London 2012: Olympics Closing Ceremony Will Be 'Party, Party, Party' Says Seb Coe

'Party, Party, Party'

The Olympic closing ceremony will be "party, party, party," London 2012 chairman Lord Coe said today.

Artistic director Kim Gavin said: "We want it to be the best after-show party there has ever been."

Tomorrow's two hour and 45 minute grand finale starts with Elgar and Waterloo Sunset at 9pm.

"Any more than that and we would spoil the surprise," Mr Gavin said at a press conference.

"We are still rehearsing and waiting for the final line-up."

There will be just hours, starting at 11pm tonight, to turn the Olympic Stadium in Stratford, east London, where athletes such as Mo Farah, Jessica Ennis and Usain Bolt struck gold, into an arena fit for a showbiz spectacular.

The handover from London 2012 to the Rio 2016 team will take place along with the extinguishing of the Olympic Flame, which has stayed alight throughout the competition. This signals the end of the Games.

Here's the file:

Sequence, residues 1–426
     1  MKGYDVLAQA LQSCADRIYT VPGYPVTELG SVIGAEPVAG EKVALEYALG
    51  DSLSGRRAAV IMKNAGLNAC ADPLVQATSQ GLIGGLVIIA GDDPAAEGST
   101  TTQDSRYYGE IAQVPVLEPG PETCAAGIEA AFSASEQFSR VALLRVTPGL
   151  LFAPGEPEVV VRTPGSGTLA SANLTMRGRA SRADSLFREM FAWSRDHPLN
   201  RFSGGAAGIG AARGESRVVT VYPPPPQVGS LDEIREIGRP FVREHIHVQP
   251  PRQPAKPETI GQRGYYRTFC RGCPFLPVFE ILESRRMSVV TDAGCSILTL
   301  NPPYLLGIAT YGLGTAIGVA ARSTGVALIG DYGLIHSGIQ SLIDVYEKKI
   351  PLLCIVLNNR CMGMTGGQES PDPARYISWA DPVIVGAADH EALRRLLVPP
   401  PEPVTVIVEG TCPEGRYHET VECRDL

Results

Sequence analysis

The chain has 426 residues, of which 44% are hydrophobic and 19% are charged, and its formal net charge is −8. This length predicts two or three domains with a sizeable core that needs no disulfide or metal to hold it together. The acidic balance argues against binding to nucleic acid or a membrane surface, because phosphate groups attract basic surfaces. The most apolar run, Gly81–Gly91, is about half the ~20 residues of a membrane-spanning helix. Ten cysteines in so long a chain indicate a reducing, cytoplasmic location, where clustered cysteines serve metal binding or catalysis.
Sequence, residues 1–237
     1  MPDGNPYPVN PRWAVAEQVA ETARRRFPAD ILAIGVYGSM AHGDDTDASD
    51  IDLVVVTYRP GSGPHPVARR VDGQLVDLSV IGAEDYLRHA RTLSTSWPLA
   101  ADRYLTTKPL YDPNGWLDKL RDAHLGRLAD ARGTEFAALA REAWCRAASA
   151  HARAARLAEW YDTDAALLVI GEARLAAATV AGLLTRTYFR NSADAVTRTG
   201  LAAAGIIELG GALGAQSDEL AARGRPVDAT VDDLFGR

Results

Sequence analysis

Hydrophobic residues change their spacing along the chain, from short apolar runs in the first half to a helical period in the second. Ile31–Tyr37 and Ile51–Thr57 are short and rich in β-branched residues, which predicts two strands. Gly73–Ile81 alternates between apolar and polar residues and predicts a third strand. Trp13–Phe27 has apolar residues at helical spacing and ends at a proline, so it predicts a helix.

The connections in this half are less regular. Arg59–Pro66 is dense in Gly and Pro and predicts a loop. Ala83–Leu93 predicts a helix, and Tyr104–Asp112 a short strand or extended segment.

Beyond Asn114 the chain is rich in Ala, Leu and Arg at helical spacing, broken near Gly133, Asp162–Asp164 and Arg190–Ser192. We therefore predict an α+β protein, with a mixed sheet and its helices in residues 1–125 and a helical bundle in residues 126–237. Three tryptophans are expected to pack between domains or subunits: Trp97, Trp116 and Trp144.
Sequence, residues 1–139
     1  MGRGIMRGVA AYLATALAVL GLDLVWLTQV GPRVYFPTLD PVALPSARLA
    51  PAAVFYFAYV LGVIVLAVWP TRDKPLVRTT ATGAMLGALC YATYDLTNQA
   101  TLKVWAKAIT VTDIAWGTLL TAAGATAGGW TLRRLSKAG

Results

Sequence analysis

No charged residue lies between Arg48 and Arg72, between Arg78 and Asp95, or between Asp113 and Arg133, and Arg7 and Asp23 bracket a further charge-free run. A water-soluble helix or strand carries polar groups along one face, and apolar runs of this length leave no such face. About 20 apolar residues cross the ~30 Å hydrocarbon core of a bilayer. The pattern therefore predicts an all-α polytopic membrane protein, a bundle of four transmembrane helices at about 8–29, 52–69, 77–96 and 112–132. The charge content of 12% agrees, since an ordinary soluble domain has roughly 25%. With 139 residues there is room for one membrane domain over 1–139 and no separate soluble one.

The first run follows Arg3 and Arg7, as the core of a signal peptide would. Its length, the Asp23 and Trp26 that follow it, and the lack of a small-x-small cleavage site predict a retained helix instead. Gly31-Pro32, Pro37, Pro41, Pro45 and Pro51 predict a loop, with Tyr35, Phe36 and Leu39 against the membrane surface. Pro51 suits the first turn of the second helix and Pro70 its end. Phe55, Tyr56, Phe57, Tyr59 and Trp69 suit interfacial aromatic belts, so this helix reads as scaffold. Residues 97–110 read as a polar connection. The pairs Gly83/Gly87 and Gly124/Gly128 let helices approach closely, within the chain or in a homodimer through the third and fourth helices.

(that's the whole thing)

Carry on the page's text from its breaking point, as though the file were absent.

Traditionally, it is a chance to celebrate what the athletes have achieved and also for a massive party.

The 2012 closing ceremony - called A Symphony of British Music - will celebrate music as one of Britain's strongest cultural exports over the last 50 years.

Mr Gavin said: "It is about British creativity in the arts.

"There is a hell of a lot of talent and music and a hell of a lot of show in the show."

It is set to be more relaxed than the Danny Boyle-masterminded opening ceremony which was packed with references to British history and culture.

The sight of pop stars such as the Spice Girls, George Michael, the Pet Shop Boys, Jessie J and Tinie Tempah, who have been photographed at rehearsals, may have whetted the public's appetite.

Mr Gavin said: "I wanted to make a very exciting after-show party. I wanted to make it a celebration. We have got 15 minutes of the athletes walking in down through the audience.

"We do have a lot of music in there, without giving too much away.

"We start with the big opening scene saying `we are in London'.

"There is more than just music. It is not just the songs - it is visually creative.

"When we ran the show the other day it felt like very minimal speeches and protocol. It flows really well and I am really proud of it."

Then there is eight minutes of the handover to Rio 2016, the next host Olympic city.

More than 4,100 performers, including 3,500 adult volunteers and 380 schoolchildren from the six east London host boroughs, are involved in the ceremony.


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